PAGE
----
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Ntankah Village Women Common Initiative Group: A Model for Rural Women

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A Model for Rural Women s Empowerment By: ... Education/ rights sensitization Local-to ... of skills to community members Self-esteem fostered through: ... – PowerPoint PPT presentation

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Title: Ntankah Village Women Common Initiative Group: A Model for Rural Women


1
Ntankah Village Women Common Initiative Group
A Model for Rural Womens EmpowermentBy Sasha
Hart
  • Research Question What strategies does Ntankah
    employ to empower Cameroonian rural women? How
    does the group promote and create the conditions
    necessary for rural womens empowerment?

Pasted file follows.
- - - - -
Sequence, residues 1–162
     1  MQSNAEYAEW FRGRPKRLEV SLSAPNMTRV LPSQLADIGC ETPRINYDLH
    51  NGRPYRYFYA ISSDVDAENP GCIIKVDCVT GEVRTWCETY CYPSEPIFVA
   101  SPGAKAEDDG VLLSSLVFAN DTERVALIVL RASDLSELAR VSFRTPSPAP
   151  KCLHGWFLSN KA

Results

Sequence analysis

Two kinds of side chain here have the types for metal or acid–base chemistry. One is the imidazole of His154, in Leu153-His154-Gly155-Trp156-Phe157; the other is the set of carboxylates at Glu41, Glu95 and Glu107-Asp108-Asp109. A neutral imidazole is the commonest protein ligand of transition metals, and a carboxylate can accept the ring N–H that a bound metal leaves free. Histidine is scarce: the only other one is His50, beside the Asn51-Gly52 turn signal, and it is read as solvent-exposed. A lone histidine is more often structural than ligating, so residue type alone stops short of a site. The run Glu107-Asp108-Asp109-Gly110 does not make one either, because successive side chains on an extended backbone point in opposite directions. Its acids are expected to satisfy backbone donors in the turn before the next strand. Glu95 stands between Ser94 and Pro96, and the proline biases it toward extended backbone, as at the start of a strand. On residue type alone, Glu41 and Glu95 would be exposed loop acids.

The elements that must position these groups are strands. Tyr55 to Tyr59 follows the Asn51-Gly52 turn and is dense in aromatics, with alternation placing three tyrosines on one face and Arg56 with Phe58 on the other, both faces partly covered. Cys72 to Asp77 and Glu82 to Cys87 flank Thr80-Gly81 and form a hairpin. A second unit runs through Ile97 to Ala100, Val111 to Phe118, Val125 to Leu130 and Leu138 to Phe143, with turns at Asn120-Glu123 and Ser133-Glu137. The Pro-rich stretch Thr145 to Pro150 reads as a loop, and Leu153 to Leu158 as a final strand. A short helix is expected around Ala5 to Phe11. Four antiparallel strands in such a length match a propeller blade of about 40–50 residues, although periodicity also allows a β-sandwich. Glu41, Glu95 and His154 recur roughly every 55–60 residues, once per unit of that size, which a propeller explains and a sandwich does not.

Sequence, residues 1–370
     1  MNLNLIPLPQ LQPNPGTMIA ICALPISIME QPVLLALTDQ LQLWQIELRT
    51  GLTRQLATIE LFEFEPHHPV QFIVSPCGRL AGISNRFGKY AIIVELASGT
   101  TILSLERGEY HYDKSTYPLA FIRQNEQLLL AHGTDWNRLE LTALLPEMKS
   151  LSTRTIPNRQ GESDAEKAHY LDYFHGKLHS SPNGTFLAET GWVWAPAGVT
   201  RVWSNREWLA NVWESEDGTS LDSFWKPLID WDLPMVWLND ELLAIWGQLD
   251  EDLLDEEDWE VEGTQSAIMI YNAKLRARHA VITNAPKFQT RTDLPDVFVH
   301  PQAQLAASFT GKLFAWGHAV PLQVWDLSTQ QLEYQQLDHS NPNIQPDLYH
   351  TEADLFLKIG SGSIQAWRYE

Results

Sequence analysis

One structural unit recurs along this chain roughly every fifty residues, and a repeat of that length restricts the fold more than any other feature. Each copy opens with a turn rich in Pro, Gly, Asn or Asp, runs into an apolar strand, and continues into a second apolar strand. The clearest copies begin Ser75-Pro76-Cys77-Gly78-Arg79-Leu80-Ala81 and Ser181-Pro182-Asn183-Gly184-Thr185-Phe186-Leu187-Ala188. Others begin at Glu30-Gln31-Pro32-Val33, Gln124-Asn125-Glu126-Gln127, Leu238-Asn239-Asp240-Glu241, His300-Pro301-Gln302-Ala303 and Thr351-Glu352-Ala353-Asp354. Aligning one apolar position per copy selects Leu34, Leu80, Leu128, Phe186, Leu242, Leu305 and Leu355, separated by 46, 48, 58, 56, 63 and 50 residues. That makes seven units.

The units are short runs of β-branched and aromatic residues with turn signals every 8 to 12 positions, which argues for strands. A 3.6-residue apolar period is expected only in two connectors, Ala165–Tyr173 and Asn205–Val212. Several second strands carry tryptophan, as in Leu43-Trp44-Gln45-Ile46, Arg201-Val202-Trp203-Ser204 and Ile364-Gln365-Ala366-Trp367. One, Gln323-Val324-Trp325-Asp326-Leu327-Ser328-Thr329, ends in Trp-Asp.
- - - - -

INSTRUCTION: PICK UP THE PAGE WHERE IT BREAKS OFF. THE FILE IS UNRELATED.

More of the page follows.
• Presented at the Making Equal Rights Real
    Conference, May 1, 2010 , McGill University

2
Cameroonian Rural Women A Disadvantaged
Population
  • Higher rural poverty rates
  • Women earn 50 less than males
  • Trapped in the informal sector of economy
  • Oppressive socio-cultural traditions
  • Lack of political representation (only 9)
  • Lack of access to resources and information
    Illiteracy
  • HIV/AIDS prevalence rates twice as high among
    women
  • Landlessness

3
Empowerment Conceptualized A Literature Review
  • Empowerment Defined
  • A process (rather than a single intervention)
  • A goal involving an increase in agency, power,
    ability
  • A Multi-dimensional Process
  • Internal (ie personal transformation/